In 2005, Gambian dictator Yahya Jammeh murdered 56 West African migrants out of fear they were mercenaries intending to overthrow him. The disappearance of their slain bodies robbed families of healing and closure by being unable to bury their loved ones. Isaac Mensah, one of the victim’s sons, shares the emotional toll of this atrocity and his quest for answers… ‘I Cannot Bury My Father’, African Film Festival
On December 1st, 2016, the Gambian people voted out their autocratic President Yahya Jammeh, after 22 years in power, and elected Adama Barrow as their new president. Jammeh conceded defeat but a week later announced that he was annulling the election results and would not step down. A grassroots movement #GambiaHasDecided emerged in reaction.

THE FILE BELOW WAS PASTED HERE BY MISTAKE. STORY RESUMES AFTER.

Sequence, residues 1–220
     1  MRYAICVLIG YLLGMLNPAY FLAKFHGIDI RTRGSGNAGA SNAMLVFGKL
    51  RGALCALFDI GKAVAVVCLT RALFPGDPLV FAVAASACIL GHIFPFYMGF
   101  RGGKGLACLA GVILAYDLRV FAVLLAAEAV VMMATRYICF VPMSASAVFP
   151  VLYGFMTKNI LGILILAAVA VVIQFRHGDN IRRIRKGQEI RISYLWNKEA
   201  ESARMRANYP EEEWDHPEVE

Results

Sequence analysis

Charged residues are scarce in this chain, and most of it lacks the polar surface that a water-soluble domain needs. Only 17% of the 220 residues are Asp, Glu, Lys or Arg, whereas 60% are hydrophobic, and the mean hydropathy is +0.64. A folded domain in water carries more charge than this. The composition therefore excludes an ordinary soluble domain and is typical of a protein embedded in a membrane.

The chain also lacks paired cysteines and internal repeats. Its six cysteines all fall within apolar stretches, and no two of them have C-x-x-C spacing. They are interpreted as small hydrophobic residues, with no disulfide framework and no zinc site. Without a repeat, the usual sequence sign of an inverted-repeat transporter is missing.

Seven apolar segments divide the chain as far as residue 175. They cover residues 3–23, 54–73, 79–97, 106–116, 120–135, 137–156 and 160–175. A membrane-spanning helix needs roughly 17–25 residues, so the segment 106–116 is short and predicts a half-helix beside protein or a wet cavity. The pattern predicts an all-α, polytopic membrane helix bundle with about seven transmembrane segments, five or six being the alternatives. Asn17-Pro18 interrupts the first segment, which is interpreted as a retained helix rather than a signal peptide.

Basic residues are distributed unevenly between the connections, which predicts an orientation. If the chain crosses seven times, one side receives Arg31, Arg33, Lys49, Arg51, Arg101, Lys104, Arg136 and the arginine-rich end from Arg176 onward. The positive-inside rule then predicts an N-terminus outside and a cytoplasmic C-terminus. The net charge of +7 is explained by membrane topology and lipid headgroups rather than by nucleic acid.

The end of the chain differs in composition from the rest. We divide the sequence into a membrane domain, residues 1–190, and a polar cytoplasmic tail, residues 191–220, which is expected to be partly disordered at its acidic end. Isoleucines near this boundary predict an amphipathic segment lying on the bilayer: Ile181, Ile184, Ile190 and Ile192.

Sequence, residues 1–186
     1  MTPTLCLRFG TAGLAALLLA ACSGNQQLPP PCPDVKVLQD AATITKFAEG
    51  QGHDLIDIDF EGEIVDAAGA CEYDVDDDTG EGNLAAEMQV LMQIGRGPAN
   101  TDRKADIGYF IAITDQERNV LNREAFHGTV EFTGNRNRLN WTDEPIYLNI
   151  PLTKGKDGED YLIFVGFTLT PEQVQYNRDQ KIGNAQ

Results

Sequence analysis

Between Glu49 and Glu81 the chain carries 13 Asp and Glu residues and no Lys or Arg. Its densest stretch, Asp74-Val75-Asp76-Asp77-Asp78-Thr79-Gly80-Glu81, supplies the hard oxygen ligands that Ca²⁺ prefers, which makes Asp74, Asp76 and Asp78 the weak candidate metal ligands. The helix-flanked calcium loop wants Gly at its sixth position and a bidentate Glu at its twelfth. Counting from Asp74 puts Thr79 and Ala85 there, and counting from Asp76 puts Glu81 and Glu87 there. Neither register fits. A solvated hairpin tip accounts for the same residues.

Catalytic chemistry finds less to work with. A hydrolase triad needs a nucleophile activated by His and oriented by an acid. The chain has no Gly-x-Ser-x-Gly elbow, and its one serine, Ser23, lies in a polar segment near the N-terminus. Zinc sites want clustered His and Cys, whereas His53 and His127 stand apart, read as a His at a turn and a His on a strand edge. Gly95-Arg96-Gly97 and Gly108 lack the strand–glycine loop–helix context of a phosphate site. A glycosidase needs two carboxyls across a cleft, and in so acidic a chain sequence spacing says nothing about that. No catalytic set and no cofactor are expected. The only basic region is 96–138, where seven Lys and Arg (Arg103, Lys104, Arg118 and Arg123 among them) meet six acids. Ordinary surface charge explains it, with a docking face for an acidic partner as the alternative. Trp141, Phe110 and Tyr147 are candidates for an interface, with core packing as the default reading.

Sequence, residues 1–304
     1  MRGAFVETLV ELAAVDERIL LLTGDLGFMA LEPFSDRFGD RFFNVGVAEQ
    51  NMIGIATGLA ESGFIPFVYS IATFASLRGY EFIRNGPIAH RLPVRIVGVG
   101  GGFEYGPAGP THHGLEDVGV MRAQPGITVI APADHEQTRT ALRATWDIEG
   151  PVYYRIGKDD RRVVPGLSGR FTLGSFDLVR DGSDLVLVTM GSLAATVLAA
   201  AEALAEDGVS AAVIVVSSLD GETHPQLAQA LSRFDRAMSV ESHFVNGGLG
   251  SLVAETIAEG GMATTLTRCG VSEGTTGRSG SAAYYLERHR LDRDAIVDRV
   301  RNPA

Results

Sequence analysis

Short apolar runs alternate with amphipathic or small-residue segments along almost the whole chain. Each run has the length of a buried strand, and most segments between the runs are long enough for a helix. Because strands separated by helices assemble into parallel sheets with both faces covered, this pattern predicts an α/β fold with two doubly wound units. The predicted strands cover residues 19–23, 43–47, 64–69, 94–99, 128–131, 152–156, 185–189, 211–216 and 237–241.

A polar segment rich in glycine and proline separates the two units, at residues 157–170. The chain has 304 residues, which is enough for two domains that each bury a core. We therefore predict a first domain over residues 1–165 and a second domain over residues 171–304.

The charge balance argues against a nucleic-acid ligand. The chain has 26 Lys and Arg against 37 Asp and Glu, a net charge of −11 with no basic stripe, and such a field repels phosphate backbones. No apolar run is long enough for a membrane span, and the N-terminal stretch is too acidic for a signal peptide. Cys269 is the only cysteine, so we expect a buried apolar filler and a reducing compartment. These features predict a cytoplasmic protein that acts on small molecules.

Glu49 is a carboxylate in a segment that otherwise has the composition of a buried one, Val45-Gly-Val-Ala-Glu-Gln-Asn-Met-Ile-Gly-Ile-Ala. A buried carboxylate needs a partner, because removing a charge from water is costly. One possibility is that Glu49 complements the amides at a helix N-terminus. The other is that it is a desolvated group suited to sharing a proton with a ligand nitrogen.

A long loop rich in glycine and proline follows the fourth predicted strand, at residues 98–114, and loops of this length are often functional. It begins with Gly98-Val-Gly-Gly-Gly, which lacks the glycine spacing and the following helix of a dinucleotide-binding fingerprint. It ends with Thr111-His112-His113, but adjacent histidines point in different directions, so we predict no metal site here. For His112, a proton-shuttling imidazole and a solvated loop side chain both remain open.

Activists initially set up billboards with the slogan #GambiaHasDecided. The billboards were torn down by Jammeh loyalists. Not to be intimidated, the activists around the country turned to spray painting the slogan.
On January 26th, 2017, the new president of The Gambia, Adama Barrow, returned home to mass celebrations. For his own safety, Barrow had exiled himself to Senegal, where, on January 19th, he took oath at the country’s embassy in Dakar